With a fifth consecutive Tour de France points classification win in the bag, Peter Sagan is voted as one of the best riders in the pro peloton for several reasons
The 26-year-old Slovakian, who won three stages over the last three weeks, will collect his fifth straight points title when Tour ends in Paris this evening. It follows a year that saw him win the world championship and in the rainbow jersey, the Tour of Flanders.
“He’s unbelievable,” said Bernie Eisel, who leads out Mark Cavendish in team Dimension Data and regularly sees Sagan in the classics.
“I don’t care if he wins the green jersey another five times. He’s definitely the best guy out there, he can win on every parcours.
“He’s good for our sport because he attracts people from outside cycling. You like it or you don’t. I think he’s just cool. Other riders say they don’t have time for such fun, but he just does it.”
Sagan appears to enjoy having fun, from mock Grease and Rocky videos to bizarre wedding and fake haircut photographs.
As much as he laughs, he wins. Since becoming professional in 2010, Sagan rocketed through the ranks with classics victories, and stage wins and points jerseys in almost every stage race.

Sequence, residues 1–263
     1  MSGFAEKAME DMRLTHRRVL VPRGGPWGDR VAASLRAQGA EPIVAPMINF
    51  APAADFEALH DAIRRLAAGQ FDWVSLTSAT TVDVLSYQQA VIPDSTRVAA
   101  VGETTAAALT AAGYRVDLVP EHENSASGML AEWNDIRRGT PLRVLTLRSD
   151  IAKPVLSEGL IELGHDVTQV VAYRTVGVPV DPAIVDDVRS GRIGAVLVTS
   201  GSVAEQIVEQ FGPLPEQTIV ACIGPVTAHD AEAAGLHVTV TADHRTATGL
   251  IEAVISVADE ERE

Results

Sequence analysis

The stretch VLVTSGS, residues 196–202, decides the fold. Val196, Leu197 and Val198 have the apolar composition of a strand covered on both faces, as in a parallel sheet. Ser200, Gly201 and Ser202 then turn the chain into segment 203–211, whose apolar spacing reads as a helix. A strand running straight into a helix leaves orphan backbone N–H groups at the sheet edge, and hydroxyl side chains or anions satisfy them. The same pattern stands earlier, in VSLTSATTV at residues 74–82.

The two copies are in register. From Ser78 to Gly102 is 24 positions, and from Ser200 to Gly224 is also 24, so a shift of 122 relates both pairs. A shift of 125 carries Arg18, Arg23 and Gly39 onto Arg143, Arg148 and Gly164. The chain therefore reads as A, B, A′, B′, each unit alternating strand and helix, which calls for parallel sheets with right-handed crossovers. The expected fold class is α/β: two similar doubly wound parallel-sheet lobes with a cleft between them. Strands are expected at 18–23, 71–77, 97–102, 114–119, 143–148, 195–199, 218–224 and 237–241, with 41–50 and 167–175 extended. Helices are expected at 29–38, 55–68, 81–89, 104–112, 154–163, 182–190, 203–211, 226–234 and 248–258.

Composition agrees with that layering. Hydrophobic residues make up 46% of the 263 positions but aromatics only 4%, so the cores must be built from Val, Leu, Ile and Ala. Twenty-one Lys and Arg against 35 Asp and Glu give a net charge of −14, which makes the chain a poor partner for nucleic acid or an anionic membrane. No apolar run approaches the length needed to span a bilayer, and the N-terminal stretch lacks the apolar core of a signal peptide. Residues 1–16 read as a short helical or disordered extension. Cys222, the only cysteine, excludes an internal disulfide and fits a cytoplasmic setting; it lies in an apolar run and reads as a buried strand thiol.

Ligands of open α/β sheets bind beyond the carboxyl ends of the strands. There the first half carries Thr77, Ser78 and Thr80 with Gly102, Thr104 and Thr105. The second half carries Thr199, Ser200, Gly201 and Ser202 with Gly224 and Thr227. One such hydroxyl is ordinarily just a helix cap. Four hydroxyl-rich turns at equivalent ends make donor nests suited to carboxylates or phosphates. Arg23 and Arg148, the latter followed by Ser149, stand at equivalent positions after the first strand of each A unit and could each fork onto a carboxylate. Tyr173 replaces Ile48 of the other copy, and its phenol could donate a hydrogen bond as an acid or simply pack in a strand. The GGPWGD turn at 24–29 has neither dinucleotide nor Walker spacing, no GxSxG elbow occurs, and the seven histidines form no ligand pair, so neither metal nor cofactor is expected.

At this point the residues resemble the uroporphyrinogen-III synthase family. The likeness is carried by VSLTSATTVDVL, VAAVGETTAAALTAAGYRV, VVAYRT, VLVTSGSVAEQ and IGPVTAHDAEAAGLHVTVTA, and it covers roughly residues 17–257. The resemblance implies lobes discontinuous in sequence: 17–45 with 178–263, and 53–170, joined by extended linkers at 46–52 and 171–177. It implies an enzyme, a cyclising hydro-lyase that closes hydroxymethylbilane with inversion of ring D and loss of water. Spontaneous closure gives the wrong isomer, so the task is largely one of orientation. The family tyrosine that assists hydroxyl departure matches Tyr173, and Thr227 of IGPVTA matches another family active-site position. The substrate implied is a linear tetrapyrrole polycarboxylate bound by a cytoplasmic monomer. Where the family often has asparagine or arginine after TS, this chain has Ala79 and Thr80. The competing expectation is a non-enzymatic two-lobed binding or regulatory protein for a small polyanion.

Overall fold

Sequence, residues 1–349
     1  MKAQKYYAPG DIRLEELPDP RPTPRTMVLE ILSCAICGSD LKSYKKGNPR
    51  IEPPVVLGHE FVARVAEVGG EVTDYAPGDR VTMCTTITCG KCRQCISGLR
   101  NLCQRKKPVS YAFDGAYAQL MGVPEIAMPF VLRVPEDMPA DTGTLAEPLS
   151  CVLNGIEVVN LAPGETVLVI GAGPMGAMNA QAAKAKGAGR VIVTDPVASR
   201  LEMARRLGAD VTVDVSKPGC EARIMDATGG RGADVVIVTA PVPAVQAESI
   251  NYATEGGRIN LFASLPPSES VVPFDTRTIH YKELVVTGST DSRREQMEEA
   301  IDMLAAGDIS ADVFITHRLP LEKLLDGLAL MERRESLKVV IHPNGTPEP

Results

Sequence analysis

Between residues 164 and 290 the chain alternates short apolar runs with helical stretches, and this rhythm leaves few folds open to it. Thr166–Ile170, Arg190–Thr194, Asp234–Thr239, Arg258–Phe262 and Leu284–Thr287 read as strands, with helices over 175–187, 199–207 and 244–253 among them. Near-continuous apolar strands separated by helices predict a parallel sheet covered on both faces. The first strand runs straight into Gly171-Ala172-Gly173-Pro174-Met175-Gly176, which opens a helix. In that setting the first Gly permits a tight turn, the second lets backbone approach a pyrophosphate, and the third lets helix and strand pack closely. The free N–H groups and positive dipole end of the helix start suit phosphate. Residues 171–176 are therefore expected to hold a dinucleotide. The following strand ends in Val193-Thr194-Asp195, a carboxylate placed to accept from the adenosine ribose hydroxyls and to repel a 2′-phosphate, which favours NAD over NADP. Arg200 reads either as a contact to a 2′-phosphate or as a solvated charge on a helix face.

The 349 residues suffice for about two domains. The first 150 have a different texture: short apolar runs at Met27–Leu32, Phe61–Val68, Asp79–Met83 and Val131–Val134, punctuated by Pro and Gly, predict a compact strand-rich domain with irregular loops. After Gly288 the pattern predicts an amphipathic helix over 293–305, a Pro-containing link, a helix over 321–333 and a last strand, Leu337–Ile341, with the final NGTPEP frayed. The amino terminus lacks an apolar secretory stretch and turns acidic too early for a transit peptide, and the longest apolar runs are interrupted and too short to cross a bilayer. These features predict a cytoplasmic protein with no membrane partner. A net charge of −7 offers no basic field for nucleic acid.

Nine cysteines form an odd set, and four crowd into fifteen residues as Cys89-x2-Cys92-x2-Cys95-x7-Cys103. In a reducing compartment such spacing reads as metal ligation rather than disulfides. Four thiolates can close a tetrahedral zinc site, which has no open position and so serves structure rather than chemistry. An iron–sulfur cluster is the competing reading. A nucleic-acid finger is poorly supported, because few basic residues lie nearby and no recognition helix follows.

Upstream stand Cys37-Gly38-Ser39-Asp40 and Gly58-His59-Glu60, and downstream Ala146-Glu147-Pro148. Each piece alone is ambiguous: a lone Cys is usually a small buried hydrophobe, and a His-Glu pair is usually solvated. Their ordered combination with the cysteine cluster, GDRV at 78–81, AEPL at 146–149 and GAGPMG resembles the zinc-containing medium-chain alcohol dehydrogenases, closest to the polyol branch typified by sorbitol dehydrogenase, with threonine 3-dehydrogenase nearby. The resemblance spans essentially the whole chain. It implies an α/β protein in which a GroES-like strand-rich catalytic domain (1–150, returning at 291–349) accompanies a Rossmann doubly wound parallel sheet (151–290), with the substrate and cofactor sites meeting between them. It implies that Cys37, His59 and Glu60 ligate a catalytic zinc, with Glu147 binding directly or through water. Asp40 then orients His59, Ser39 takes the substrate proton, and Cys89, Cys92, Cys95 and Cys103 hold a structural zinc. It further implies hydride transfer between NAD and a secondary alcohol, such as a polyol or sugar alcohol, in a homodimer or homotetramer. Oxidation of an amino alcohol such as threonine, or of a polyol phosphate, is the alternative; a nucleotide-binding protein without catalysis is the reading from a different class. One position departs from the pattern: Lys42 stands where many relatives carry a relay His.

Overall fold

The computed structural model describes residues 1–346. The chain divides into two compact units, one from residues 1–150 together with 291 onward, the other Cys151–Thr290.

“It’s how he raced the Tour de France, almost every day in the break,” last year’s Milan-San Remo and Paris-Roubaix winner, John Degenkolb (Giant-Alpecin) said in a quiet moment during the race.
“He’s a much better climber than me. I see him… Or I maybe don’t even see him, I just hear over the radio, ‘Sagan again in the group.’ I think, ‘Dude, how’s this possible?’ It’s definitely very impressive.
“He’s definitely one of these big, big talents that we have every couple of years in cycling.”
Sagan won so much so quickly that some began to ask if he could challenge for the Tour de France overall. Roberto Amadio, the general manager of Sagan’s Cannondale team at the time in 2014, said that his talented start could start by aiming for the overall in Tirreno-Adriatico and Paris-Nice and then think about the Tour’s yellow jersey.
“The Tour de France overall is too much, but he’ll definitely be fighting for the green jersey, for stage victories, for monuments, for classics,” Degenkolb said. “It could even possible that he wins all five monuments because he’s a good climber. He could go for that.”
“For sure, the classics of the north are best suited for him,” said Etixx-Quick-Step sports director Tom Steels, who won Tour sprints and like Sagan, Ghent-Wevelgem twice. “San Remo, Flanders, Roubaix… All the Flemish classics, and the Tour de France. He’ll do it many times over.
“To beat him for the green jersey is almost impossible. The yellow jersey? That’s difficult. He’s a really good rider, but to be there every day on the long and steep climbs… He’s not made for that.”